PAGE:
-Sandbox style is interesting and feels homebrew which is good.
-Rewards are balanced yet cool.
-First act hints at many mysteries, which is great.
-Tickleback, nuff said.
-End boss fight can be a puzzle and easy or an epic encounter, good fun design.
-Amazing forum community if you are a GM and want to customize your own spin.
The Bad: -Hexploration gets old and a bit of a grind.
-Bad random encounter roll can absolutely murder everyone.
-Ally NPC Jhod is poorly designed.
-Dire Boar adventure and a few other side treks feel about as WoW as you can get.
The Ugly: -Not for novice DMs, the DC is too high for you go with a railroad save your sanity.
-Those great pieces of backstory are never really exposed to PCs as written.
-Smart players have too easy a time.
Overall: There's allot to love, plenty to complain about I give a neutral 3 star rating based on the fact that this AP is for the most part entirely what you make of it.
One of the best adventures I've ever played through
Stolen land introduces an open-world sandbox exploration with plenty of adventure and perils to keep anyone interested. From the first read of the player's guide to the opening plot hook I was involved! I loved the exploration, the simple, but compelling motivations and the obvious but not overdone threats.
The only thing that keeps this book from a 5 star rating is the lack of strong female NPCs. As with many fantasy products, the game designers seem to have felt that they need to keep it "realistic" or "historically accurate." In any case, there's only one female protagonist and she's quite cliche. Fortunately, our DM made a few changes and improved things.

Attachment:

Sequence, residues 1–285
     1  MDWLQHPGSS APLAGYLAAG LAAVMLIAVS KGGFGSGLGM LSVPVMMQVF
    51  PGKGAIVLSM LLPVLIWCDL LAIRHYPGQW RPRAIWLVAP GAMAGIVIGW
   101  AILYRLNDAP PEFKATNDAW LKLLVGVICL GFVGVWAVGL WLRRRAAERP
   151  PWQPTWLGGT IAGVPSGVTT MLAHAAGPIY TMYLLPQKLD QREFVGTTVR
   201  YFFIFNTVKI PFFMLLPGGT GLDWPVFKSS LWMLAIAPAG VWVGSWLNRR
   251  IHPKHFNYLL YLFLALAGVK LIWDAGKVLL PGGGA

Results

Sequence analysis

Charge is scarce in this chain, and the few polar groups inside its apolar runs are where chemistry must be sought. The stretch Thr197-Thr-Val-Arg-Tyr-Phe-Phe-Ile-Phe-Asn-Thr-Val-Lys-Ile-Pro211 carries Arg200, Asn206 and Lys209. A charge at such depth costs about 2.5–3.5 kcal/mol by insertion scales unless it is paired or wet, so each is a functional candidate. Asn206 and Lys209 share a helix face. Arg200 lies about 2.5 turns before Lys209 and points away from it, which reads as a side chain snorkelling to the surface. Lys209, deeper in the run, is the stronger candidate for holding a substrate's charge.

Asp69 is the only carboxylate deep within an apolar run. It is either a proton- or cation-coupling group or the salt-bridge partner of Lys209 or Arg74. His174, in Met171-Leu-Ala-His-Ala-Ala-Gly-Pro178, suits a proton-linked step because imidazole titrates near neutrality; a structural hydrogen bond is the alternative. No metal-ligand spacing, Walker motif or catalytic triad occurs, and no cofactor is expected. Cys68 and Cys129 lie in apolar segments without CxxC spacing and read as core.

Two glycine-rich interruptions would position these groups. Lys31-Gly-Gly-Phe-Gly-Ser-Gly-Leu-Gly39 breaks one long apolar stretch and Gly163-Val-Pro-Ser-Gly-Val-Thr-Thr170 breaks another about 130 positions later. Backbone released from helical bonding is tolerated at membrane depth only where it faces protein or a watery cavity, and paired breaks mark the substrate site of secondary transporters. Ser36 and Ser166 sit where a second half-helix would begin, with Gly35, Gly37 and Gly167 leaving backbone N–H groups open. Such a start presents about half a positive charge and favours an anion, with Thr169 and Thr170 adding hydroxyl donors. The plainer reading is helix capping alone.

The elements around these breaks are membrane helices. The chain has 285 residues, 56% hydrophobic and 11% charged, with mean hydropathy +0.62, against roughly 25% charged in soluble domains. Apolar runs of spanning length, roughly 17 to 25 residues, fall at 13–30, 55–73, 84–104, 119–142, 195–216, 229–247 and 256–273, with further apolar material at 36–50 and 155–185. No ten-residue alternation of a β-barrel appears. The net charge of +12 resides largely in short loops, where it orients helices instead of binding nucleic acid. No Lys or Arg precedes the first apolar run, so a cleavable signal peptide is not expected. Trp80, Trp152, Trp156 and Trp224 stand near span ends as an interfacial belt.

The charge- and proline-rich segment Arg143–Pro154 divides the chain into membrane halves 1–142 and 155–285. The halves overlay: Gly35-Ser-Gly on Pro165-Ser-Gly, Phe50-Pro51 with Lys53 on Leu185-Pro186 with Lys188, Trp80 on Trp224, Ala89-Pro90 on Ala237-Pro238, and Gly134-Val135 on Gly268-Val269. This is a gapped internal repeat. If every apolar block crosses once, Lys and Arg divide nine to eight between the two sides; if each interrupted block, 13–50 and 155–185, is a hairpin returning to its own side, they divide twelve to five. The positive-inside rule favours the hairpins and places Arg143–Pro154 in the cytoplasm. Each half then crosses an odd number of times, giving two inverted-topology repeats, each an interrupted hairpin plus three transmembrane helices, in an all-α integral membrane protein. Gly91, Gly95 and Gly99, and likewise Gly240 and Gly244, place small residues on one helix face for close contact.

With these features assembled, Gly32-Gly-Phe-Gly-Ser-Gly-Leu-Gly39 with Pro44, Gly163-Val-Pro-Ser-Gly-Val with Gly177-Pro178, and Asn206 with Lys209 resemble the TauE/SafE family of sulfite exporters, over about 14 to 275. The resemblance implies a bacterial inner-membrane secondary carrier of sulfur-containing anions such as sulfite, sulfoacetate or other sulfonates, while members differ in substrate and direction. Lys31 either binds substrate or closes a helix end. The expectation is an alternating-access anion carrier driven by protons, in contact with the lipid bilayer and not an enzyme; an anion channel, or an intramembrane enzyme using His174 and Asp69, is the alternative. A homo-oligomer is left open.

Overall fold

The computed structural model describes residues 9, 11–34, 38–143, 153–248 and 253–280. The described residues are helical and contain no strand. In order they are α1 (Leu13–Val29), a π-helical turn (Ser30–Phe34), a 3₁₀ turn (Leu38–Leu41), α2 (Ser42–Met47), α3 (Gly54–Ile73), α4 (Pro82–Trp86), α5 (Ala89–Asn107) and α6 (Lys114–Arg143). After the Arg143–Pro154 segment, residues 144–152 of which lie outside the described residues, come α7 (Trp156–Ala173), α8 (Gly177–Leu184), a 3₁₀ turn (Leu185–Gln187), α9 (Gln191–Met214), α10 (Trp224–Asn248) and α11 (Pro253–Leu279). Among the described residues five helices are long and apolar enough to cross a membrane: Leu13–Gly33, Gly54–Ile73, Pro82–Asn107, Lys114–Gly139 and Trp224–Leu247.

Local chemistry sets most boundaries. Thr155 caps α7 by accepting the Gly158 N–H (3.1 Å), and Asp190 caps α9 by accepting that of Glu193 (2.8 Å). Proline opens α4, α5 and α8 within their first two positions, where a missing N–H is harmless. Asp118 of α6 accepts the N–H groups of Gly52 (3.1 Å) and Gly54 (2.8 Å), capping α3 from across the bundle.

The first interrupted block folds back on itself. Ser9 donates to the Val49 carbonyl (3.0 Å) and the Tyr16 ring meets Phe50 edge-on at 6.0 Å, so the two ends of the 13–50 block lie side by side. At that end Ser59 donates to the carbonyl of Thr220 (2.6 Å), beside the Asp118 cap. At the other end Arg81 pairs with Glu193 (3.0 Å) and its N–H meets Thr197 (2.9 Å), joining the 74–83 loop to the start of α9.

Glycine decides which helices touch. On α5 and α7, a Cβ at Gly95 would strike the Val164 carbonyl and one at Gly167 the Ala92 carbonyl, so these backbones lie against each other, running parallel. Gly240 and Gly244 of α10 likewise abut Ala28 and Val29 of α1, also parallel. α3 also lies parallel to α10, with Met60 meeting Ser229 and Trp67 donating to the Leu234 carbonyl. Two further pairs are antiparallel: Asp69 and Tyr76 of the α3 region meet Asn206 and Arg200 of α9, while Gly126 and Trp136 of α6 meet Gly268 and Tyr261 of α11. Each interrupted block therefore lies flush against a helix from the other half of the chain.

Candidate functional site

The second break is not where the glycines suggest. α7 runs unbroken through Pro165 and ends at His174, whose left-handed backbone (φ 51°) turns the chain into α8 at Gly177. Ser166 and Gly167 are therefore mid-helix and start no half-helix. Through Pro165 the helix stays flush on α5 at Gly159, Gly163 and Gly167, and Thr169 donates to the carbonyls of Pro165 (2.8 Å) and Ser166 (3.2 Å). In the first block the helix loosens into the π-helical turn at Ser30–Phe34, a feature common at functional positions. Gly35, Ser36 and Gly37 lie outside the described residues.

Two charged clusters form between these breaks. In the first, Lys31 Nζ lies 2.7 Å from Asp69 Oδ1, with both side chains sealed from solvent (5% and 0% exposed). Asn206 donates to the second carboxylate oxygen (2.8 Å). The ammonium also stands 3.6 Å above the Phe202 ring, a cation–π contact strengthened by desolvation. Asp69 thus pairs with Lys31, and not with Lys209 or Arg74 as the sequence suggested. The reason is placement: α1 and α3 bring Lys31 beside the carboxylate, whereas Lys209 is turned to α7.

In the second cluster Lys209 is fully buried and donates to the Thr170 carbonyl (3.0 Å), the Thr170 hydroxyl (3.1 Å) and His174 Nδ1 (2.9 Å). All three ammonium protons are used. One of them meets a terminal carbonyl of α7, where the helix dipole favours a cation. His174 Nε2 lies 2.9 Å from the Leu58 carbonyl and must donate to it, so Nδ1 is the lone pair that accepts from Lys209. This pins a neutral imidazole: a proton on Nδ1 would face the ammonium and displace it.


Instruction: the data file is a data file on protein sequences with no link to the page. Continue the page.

Overall though, I liked the concept of the sandbox exploration so much I want to add it to every game I ever play in. I'd even play through Kingmaker again just for this.
I'm gonna try and make this brief. I LOVE this adventure path. The location is great, the encounters are fun, the kingdom building and random events is refreshing and enjoyable (at the start), and the story is one that allows for so much GM embellishment, while not requiring much.
The Bad:It's just too damn easy. I have a group of middling skill and minimum powergaming, and they just blew through pretty much everything in it. It's reasonable that the beginning encounters are easy, but it just didn't get challenging enough without my intervention. The kingdom building also became tedious and wasted time after we obtained more than two cities. There are, however, rules to make it simpler.
Get this book and see it through if you're tired of railroads or you just wanna explore. I promise you'll enjoy it if you give it a chance.
For 30 years I've been DMing D&D, Top Secret, Star Frontiers, ShadowRun, GURPS and more recently EclipsePhase. Always I have tried to find a way to give my settings the 'feel' that there are lots of options without having to necessary write tons of material that I will never use.
I also have advanced players that can smell a linear adventure at the first reading of boxed text or NPC monologue. One of my more demanding players is in a party doing this 'path'. I can tell you that most younger, least experienced DMs/players won't appreciate this work, However, it is great for experienced groups that want options and lots of material that they don't have to even use or follow a script on.